Hundreds of families whose babies died or have been left with brain damage after maternity care treatment at Shrewsbury and Telford Hospital Trust are now being informed they are part of a major investigation into the largest scandal of its type ever to hit the NHS, following a report by The Independent.
In a statement released the day after this news organisation revealed parents had not been told their experiences might be part of a pattern of institutional failings, the Shropshire trust said it had now agreed with NHS England to start telling families.
Our report, published on Wednesday, showed how hundreds of families whose cases have been identified for investigation were left in the dark about potential mistakes in their care.
This is despite the fact the NHS was aware of their identities from the end of 2018, following a trawl of records at the trust that year by NHS Improvement staff.
In total, more than 400 of the 600 cases being examined have not yet been passed to the independent investigation being led by midwifery expert Donna Ockenden, a copy of whose interim report this week obtained by The Independent exposed widespread failing at the trust stretching back decades.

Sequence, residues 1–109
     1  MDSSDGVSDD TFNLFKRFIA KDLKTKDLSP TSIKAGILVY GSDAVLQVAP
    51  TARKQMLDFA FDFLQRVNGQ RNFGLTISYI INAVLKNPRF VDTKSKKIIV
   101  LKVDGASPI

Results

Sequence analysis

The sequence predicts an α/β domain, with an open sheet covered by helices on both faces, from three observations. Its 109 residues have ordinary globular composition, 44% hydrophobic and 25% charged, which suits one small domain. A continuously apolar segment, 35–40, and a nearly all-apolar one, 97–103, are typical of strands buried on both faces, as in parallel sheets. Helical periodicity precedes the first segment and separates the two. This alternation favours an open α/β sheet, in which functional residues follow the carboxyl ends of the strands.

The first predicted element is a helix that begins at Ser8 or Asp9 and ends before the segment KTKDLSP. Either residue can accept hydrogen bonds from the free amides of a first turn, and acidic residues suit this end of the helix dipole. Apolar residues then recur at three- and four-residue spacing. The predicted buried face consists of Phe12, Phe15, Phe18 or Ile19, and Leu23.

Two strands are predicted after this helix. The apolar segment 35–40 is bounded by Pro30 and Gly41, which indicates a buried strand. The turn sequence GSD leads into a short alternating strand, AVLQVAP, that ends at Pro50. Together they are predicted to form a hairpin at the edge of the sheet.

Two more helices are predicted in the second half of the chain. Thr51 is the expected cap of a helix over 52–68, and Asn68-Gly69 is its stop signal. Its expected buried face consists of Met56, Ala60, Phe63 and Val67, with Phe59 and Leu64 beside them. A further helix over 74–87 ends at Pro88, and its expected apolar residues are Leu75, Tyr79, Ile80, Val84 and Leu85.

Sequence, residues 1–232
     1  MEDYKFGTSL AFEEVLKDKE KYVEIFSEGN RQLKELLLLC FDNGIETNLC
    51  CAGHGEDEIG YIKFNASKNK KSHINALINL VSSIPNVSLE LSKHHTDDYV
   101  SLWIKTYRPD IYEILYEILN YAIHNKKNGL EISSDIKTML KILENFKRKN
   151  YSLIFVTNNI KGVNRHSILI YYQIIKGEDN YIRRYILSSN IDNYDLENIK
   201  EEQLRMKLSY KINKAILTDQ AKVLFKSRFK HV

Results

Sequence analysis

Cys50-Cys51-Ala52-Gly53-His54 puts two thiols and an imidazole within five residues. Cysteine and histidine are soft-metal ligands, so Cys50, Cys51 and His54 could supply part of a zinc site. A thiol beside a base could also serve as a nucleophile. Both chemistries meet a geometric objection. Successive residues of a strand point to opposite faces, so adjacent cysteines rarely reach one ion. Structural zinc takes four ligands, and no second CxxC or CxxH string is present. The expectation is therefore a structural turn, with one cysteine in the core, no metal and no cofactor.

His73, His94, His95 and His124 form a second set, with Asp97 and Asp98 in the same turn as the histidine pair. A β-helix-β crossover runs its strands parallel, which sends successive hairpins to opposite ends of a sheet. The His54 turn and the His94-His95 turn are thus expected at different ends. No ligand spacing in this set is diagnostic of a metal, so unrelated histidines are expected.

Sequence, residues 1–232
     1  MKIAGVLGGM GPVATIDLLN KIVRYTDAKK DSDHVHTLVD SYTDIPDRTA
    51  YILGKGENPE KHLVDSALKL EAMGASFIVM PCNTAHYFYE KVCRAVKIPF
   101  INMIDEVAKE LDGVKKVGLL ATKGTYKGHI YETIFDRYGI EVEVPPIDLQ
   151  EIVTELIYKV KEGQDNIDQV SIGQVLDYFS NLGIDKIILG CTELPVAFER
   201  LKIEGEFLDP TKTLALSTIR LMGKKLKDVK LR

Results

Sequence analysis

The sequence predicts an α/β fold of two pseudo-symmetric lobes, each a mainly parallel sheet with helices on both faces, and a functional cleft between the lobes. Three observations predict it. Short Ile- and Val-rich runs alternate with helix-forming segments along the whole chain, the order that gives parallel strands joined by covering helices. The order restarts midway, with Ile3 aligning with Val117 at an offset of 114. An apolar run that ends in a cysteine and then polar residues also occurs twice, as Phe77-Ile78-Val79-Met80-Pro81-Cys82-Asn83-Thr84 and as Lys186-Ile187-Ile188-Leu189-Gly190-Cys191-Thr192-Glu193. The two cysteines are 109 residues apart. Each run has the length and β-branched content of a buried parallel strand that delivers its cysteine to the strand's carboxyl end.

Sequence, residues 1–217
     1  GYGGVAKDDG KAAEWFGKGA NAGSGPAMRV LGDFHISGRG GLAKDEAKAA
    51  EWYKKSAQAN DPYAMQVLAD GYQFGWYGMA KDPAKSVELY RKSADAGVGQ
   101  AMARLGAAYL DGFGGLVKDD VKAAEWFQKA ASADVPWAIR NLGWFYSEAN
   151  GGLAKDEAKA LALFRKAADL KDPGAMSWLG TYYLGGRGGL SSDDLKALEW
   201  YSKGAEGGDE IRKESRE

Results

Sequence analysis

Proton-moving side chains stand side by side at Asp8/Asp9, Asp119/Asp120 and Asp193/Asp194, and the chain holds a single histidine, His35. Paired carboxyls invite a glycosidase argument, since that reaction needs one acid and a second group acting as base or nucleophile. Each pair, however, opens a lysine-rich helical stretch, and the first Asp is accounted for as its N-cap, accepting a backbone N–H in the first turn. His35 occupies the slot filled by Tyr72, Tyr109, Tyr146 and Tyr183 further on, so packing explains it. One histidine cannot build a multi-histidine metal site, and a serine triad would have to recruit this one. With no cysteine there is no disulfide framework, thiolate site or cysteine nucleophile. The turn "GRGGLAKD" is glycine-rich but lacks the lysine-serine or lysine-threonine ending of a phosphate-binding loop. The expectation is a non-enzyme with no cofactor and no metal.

A total of 75 families contacted the Shrewsbury and Telford Hospital Trust last year after the pattern of institutional failings became public knowledge, but the trust said it was waiting for changes in the official inquiry terms before it passed on their details or contacted other families.
Paula Clark, interim chief executive at the trust, told The Independent: “Following discussions with NHS England and NHS Improvement it was agreed that the appropriate approach was to fully inform families about the revised terms of reference of the maternity review and to gain their consent to share their records, before releasing their data.
“NHS England and NHS Improvement have now agreed that we can proceed with informing families. We will now be contacting those families to seek that permission.”
On Wednesday night, following enquiries by this publication, NHS England’s medical director Steve Powis wrote to the trust and committed to hand over “all relevant additional records to the review”.
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